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Q: anesthesia ( Answered,   2 Comments )
Subject: anesthesia
Category: Health > Children
Asked by: cvsprasad1234-ga
List Price: $2.00
Posted: 06 Dec 2002 10:27 PST
Expires: 05 Jan 2003 10:27 PST
Question ID: 120410
before administering anesthesia to infants and children under
five,intra nasal midazolam is followed  ,please suggest some articles
and journals containing the relevant articles
Subject: Re: anesthesia
Answered By: kutsavi-ga on 21 Dec 2002 08:01 PST
Hey there cvsprasad1234,

Here are references to 19 articles on the pediatric use of Midazolam:

An article in Italian titled:  Sedation in pediatric dental patients.
A comparison of intranasal midazolam and oral diazepam
Original Title:Sedación en odontopediatría.  Comparación del midazolam
vía intranasal, con el diazepam vía oral
By:  Martínez SMI, Martínez RJI
Rev ADM 1995; 52(5): 261-265.

A comparison of intranasal midazolam and oral diazepam in pediatric
sedation for dental patients was done. Forty highly anxious children
age 3 to 5 years, were studied. Two study groups were formed with 20
patients in each group. The first group received intransal midazolam
0.3 mg/kg. The second group received oral diazepam 0.3 mg/kg.

Results indicate that the onset of sedation is faster with midazolam
than diazepam, with superior performance in the parameters of sedation
and better reponse during dental treatment. Recovery was faster in the
midazolam grouip. Intranasal route of administration was effective and
efficient for preescolar children. Both drugs were safe.

Abstracts to 9 articles:  Intranasal Midazolam for Pediatric sedation
[Abstracts are contained on this page]

3     al-Rakaf, H., L. L. Bello, et al. (2001). “Intra-nasal midazolam
in conscious sedation of young paediatric dental patients.” Int J
Paediatr Dent 11(1): 33-40.

4     Bates, B. A., S. A. Schutzman, et al. (1994). “A comparison of
intranasal sufentanil and midazolam to intramuscular meperidine,
promethazine, and chlorpromazine for conscious sedation in children.”
Ann Emerg Med 24(4): 646-51.

 5     Davis, P. J., J. A. Tome, et al. (1995). “Preanesthetic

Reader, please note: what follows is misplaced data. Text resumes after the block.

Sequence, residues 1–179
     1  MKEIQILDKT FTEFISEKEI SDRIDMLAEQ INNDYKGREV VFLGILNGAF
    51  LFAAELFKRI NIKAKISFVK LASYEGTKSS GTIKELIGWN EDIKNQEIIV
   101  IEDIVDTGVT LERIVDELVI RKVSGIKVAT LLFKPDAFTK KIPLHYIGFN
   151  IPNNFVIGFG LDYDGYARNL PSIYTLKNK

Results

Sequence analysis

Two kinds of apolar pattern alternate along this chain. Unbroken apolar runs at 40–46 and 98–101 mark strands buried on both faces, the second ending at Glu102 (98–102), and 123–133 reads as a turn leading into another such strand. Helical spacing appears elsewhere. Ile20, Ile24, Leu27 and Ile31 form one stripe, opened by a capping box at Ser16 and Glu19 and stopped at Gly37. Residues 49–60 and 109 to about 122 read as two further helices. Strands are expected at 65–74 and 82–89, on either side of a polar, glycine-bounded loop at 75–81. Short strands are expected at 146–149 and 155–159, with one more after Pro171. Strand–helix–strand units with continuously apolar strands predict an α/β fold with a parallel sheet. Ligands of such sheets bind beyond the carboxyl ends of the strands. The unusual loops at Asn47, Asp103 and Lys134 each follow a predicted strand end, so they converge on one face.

medication with intranasal midazolam for brief pediatric surgical
procedures. Effect on recovery and hospital discharge times.”
Anesthesiology 82(1): 2-5.

6     Henry, R. J., N. Ruano, et al. (1998). “A pharmacokinetic study
of midazolam in dogs: nasal drop vs. atomizer administration.” Pediatr
Dent 20(5): 321-6.

 7     Louon, A. and V. G. Reddy (1994). “Nasal midazolam and ketamine
for paediatric sedation during computerised tomography.” Acta
Anaesthesiol Scand 38(3): 259-61.
8     Malinovsky, J. M., C. Populaire, et al. (1995). “Premedication
with midazolam in children. Effect of intranasal, rectal and oral
routes on plasma midazolam concentrations.” Anaesthesia 50(4): 351-4.

 9     Theroux, M. C., D. W. West, et al. (1993). “Efficacy of
intranasal midazolam in facilitating suturing of lacerations in
preschool children in the emergency department.” Pediatrics 91(3):

 10     Yealy, D. M., J. H. Ellis, et al. (1992). “Intranasal
midazolam as a sedative for children during laceration repair.” Am J
Emerg Med 10(6): 584-7.

11     Zedie, N., D. W. Amory, et al. (1996). “Comparison of
intranasal midazolam and sufentanil premedication in pediatric
outpatients.” Clin Pharmacol Ther 59(3): 341-8.

References to articles from 
"Site of Dependence; A site on benzodiazepine dependence, withdrawal
and other side effects"
( )

McCormick AS et al.
Bronchospasm During Inhalation of Nebulized Midazolam.
Br J Anaesth 1998; 80: 564-565

Mets B, Horsell A, Linton DM.
Midazolam-Induced Benzodiazepine Withdrawal Syndrome.
Anaesthesia 1991; 46: 28-29.

Martinez-Tilleria A, Cano NE et al.
Paradoxical Reaction to Midazolam after Its Use as a Sedative in
Regional Anesthesia.
Rev Esp Anestesiol Reanim 1992; 39: 379-380.

Massanari M et al.
Paradoxical Reactions in Children Associated with Midazolam Use
During Endoscopy.
Clin Pediatr (Phila) 1997; 36: 681-684.

From "Comment" area below by "surgeon-ga":
Yale-New Haven Hospital news release:  Study Shows Its Takes More Than
Hugs To Calm Kids Before Surgery
Premedication Reduces Child's Anxiety; Eases Post- Operative Recovery
Pediatric Seizure Treatment
"In a study recently completed by an Israeli hospital pediatric
department, it appears that intranasal midazolam is a safe and
effective treatment for febrile seizures in children. The year-long
study looked at 47 children (ages six months to five  years) who had
febrile seizures lasting at least 10 minutes. Intranasal midazolam
(0.2 mg/kg) was compared with intravenous diazepam (0.3 mg/kg)."

Big Wordy Boring Text Outline Version 
Contact: Jim Middleton, Pharmacist and Instructor

  9. Something (relatively) new: 
  MIDAZOLAM (Versed) 
         a. a new benzodiazepine 
         b. mainly for IV use, although 1999 saw the introduction of a
liquid form for pediatric oral dosing
         c. indicated for preoperative sedation 
         d. main advantage: WATER SOLUBILITY 
          --diazepam (Valium) is not--burns on injection, frequently
precipitates in IV fluids
             --midazolam (Versed) can be mixed with other preop
medications and can be administered through IV fluids
         e. amnesia possible through and after procedure 
         f. can cause ideosyncratic hicchoughing (consider the
limitations for outpatient eye surgery)

Article on infant IV infusion from National Institutes of Health:
Intravenous midazolam infusion for sedation of infants in the neonatal
intensive care unit


infant midazolam

preop midazolam pediatric

intranasal pediatric midazolam
Subject: Re: anesthesia
From: surgeon-ga on 06 Dec 2002 10:52 PST
Subject: Re: anesthesia
From: lilacdaffodil-ga on 10 Mar 2005 14:53 PST
A full article about the use of Sevlurothane/nitrous oxide to
anaesthetise children can be found at

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